Ponte Sisto, Rome
Ponte Sisto is a pedestrian bridge in the central part of the Italian capital – Rome. It connects the two banks of the Tiber River, stretches from Pettinari Street (Regola area) to Trilussa Square (Trastevere district). Ponte Sisto was built in the middle of the 15th century. Thanks to its convenient location in the central part of the city, close to the main historical sights, the Ponte Sisto is recognized as one of the most interesting places for tourists to take a walk in the Eternal City.
History of Ponte Sisto
In the period from 4th to 5th century, the ancient wooden Pons Aurelius was located on the site of the present Ponte Sisto. Later, in historical literature, we can find it under the title "Anthony's Bridge" and "Pons Antonini in Arenula." This bridge was destroyed in 772.
In the 15th century a new life begins for the Ponte Sisto. Construction lasted for 6 years, from 1473 to 1479, commissioned by Pope Sixtus IV. It was in his honor that the bridge got its name – Ponte Sisto. The construction was conducted under the guidance of the famous Italian architect Baccio Pontelli.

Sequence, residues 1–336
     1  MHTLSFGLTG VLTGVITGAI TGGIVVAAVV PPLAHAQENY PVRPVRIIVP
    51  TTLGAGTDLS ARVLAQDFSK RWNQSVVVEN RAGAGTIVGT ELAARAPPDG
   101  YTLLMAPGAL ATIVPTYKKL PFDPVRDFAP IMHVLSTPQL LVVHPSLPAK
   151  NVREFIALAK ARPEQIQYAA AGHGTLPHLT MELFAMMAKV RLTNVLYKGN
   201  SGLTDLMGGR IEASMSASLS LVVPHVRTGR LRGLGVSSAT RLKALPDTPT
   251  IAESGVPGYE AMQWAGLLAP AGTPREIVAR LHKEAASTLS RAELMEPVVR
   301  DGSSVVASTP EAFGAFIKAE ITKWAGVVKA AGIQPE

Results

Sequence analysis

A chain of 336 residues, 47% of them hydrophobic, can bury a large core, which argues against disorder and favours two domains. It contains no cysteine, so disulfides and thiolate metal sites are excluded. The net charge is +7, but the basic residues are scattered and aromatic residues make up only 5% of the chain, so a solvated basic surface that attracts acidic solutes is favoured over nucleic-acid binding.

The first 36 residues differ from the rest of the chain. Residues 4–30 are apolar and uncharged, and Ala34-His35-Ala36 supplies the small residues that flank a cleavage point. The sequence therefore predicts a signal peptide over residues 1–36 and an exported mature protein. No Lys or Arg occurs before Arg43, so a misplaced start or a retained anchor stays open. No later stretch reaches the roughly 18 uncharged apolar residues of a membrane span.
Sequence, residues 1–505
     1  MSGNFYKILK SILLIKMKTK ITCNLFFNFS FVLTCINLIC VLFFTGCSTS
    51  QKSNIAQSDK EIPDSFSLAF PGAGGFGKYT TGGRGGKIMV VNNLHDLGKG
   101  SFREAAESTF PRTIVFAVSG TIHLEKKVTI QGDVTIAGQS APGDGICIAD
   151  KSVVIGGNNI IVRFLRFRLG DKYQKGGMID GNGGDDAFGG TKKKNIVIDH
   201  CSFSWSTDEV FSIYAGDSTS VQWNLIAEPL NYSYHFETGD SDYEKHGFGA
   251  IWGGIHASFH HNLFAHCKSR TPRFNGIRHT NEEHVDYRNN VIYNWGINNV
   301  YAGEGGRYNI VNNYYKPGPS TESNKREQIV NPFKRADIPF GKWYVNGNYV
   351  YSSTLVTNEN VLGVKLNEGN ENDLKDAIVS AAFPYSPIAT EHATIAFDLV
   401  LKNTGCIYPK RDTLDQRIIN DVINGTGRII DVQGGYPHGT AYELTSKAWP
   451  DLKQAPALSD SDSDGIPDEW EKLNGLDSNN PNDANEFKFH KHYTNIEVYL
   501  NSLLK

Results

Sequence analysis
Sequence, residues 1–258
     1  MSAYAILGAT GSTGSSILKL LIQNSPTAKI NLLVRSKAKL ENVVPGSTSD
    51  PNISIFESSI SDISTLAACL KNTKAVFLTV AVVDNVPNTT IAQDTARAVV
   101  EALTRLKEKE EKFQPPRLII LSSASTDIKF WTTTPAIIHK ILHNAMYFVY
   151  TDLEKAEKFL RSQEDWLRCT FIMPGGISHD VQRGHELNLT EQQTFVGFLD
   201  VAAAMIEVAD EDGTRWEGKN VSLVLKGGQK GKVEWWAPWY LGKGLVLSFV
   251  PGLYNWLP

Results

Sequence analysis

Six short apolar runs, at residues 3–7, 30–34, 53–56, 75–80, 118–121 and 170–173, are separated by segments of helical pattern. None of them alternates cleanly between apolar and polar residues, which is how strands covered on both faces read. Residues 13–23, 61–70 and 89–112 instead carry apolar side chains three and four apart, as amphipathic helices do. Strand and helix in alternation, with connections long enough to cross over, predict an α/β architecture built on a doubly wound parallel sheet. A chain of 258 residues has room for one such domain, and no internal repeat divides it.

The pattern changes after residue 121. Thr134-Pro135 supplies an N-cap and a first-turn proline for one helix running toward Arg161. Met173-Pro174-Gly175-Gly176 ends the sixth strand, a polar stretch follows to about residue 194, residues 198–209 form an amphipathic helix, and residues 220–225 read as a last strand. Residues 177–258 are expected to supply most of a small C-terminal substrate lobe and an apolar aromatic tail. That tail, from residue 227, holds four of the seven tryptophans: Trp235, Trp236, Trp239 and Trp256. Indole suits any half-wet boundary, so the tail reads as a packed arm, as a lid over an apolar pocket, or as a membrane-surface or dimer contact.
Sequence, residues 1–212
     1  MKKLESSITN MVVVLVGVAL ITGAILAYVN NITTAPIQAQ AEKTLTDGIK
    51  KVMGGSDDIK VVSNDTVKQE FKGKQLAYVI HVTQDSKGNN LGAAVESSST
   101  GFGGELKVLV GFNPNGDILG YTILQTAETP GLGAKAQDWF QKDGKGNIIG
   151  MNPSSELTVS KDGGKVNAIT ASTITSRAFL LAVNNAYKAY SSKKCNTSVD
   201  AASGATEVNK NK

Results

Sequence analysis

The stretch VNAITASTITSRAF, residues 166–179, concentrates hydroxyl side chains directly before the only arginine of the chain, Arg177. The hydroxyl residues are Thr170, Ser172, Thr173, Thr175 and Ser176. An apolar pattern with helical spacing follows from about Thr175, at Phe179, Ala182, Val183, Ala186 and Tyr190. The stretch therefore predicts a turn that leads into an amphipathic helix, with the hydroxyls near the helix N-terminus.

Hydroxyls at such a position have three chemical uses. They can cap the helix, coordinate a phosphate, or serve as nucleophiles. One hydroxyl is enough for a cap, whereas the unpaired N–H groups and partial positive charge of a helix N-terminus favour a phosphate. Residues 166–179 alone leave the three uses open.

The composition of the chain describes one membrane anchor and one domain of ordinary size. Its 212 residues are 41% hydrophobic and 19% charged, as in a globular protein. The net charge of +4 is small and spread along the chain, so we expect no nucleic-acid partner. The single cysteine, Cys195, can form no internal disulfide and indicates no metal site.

The composition of the bridge Baccio Pontelli consists of four arches with a large round hole in the center. It is known as occhialone, which means "eye", and has a specific function – to indicate changes in the water level in the river.
How to get there
Ponte Sisto Bridge is recognized as one of the noisiest and briskest bridges in Rome, especially in the evening, due to the fact that it connects two historical areas of the city – Trastevere and Campo di Fiori. Therefore, the tourist will have no troubles getting here.
You can visit the bridge while walking along the main sights of Rome, and also the routes of public transport are laid here:
- tram number 8;
- buses No. 23, 63, 77, 84, 280, 492.